Client cert authentication is not a new concept on DevCentral, it’s something that has been covered before in the forums, wikis and Tech Tips.  Generally speaking it means that you’re receiving a request from a client, and want to authenticate them, as is often the case. Rather than asking for a userID and password, though, you’re requesting a certificate that only authorized clients should have access to.  In this way you’re able to allow seamless access to a resource without forcing a challenge response for the user or application, but still ensuring security is enforced. That’s the short version.

So that’s cert authentication, but what is a cert fingerprint?  A cert fingerprint is exactly what it sounds like, a unique identifier for a particular certificate.  In essence it’s a shorter way to identify a given certificate without having the entirety of the cert. A fingerprint is created by taking a digest of the entire DER encoded certificate and hashing it in MD5 or SHA-1 format. Fingerprints are often represented as hex strings to be more human readable. The process looks something like this:

Command:  openssl x509 -in cert.pem -noout –fingerprint
Output:   3D:95:34:51:24:66:33:B9:D2:40:99:C0:C1:17:0B:D1

This can be useful in many cases, especially when wanting to store a list of viable certificates without storing the entirety of the certs themselves.  Say, for instance, you want to enable client cert authentication wherein a user connects to your application and both client and server present certificates.  The authentication process would happen normally and assuming all checked out access would be granted to the connecting user.  What if, however, you only wanted to allow clients with a certain list of certs access?  Sure you could store the entire client certificate in a database somewhere and do a full comparison each time a request is made, but that’s both a bit of a security issue by having the individual client certificates stored in the auth DB itself, and a hassle.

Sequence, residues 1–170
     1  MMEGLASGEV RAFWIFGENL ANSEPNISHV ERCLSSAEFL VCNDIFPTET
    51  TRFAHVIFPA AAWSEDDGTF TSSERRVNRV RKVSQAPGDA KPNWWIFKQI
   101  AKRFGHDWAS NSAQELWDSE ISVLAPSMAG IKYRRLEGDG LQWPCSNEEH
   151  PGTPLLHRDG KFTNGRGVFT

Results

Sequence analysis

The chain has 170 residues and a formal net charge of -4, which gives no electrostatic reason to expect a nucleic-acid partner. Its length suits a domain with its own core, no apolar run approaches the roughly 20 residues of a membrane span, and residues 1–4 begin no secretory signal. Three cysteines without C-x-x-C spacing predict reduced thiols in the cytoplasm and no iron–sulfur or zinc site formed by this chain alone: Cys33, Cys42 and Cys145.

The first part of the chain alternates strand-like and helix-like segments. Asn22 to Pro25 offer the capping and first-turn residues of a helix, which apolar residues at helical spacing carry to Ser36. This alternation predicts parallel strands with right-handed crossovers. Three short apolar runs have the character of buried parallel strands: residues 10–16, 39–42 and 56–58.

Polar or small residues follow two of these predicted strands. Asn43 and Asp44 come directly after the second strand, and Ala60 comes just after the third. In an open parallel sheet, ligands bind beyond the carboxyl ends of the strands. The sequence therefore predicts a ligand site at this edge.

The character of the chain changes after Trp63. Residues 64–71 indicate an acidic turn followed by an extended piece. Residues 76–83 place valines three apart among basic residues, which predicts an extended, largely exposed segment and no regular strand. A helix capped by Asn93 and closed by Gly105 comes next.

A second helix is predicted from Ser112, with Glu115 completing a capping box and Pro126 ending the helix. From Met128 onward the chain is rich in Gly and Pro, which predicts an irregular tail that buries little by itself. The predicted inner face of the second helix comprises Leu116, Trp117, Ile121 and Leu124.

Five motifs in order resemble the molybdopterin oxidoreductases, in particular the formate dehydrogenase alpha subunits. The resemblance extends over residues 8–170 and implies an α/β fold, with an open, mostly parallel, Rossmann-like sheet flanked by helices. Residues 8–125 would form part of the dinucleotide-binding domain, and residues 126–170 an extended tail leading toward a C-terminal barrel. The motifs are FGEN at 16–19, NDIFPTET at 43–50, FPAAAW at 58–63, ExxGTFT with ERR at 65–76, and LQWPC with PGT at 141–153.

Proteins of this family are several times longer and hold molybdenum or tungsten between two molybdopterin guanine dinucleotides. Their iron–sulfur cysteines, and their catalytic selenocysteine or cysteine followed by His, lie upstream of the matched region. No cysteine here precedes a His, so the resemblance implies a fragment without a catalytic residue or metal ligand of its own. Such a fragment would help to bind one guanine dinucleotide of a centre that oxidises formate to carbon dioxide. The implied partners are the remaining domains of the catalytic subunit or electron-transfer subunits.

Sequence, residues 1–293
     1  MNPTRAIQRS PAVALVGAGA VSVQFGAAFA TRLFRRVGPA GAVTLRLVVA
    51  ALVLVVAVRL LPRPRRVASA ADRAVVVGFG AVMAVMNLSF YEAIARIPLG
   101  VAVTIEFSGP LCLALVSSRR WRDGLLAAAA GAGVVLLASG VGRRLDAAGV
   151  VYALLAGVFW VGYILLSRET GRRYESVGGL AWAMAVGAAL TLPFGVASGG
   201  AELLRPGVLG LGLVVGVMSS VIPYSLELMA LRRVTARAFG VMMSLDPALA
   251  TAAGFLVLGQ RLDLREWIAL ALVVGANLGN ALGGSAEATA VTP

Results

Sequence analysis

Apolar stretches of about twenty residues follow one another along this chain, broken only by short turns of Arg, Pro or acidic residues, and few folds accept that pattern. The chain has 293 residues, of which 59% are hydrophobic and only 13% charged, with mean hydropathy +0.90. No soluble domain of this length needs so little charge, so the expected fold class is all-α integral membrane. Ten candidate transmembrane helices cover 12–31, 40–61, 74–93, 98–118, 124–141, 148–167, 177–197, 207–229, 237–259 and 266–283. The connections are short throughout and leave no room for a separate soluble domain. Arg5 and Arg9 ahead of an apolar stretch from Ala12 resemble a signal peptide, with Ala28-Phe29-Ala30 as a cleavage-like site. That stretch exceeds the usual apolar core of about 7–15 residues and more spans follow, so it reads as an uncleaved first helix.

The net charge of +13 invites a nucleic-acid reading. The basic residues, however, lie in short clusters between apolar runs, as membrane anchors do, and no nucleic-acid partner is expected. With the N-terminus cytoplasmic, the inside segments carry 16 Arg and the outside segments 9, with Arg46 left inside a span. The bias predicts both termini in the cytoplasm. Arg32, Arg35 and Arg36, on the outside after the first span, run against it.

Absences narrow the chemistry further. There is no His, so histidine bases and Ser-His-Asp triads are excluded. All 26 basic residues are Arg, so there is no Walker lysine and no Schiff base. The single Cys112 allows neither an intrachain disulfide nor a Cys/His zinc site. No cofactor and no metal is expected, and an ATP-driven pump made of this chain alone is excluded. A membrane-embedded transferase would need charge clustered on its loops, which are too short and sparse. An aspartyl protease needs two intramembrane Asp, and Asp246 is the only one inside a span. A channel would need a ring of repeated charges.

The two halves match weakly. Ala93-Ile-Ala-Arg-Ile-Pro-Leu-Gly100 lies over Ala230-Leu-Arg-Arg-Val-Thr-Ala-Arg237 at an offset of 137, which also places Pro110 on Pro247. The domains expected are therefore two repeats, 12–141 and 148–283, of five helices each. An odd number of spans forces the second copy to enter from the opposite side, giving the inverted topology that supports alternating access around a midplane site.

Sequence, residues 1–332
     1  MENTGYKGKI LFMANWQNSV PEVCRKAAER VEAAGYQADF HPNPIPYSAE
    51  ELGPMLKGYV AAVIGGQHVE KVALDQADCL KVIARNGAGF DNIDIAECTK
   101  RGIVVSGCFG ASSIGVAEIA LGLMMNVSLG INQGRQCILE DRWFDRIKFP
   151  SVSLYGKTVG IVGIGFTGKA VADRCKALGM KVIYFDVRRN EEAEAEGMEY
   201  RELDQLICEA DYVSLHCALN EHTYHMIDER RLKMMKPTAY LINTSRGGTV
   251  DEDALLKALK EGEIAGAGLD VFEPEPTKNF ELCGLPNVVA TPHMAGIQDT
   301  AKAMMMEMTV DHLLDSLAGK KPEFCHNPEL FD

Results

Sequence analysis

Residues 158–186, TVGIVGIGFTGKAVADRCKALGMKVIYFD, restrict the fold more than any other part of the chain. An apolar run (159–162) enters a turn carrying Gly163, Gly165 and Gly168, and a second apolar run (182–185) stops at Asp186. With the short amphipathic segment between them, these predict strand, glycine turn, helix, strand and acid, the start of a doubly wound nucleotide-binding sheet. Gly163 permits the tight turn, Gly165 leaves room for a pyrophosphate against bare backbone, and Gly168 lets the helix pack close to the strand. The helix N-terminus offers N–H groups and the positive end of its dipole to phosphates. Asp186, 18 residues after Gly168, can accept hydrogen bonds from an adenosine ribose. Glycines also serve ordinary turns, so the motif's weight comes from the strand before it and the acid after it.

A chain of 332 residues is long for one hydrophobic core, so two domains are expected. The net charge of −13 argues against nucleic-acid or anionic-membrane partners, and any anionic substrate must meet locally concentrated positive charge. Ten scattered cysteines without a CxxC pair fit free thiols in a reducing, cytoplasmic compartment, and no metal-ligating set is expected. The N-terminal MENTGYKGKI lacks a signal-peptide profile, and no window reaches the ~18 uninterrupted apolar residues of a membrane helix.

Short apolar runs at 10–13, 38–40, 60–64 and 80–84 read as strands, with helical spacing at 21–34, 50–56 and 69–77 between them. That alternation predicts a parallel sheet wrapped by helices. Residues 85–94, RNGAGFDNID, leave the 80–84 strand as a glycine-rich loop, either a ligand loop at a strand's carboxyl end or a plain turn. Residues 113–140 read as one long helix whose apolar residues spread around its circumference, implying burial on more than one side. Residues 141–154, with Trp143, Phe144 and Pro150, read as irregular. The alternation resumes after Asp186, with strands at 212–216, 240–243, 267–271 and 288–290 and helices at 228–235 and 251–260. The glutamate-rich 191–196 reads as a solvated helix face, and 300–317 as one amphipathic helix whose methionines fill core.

A simpler method for limiting which certs to allow would be to store the fingerprints instead. Since the fingerprints are unique to the certificate they represent, you can use them to enforce a limitation on which client certificates to allow access to given portions of your application. Why do I bring this up? Obviously there’s an iRule for that.

Credit for this example goes to one of our outstanding Field Engineers out of Australia, Cameron Jenkins.  Cameron ended up whipping together an iRule to solve this exact problem for a customer and was kind enough to share the info with us here at DevCentral.  Below is a sanitized version of said iRule:

   1: when CLIENTSSL_HANDSHAKE {
   2:   set subject_dn [X509::subject [SSL::cert 0]]
   3:   set cert_hash [X509::hash [SSL::cert 0]]
   4:   set cSSLSubject [findstr $subject_dn "CN=" 0 ","]
   5:  
   6:   log local0. "Subject = $subject_dn, Hash = $cert_hash and $cSSLSubject"
   7:  
   8:   #Check if the client certificate contains the correct CN and Thumbprint from the list
   9:   set Expected_hash [class lookup $cSSLSubject mythumbprints]
  10:  
  11:   if { $Expected_hash != $cert_hash } {
  12:     log local0. "Thumbprint presented doesn't match mythumbprints. Expected Hash = $Expected_hash, Hash received = $cert_hash"
  13:     reject
  14:   }
  15: }

 

As you can see the iRule is quite reasonable for performing such a complex task.  Effectively what’s happening here is we’re storing the relevent data, the Cert’s subject and fingerprint, or hash, as it’s referred to in our X509 commands, in local variables.  Then we’re performing a class lookup against a data group that’s filled with all of the valid fingerprints that we want to have access to our application.  We’re using the subject to perform the lookup, and the result will be what we expect the fingerprint of that certificate to be, based on the subject supplied.  Then, if that expected hash doesn’t match the actual hash presented by the client, we reject the connection, thereby enforcing access as desired.

 

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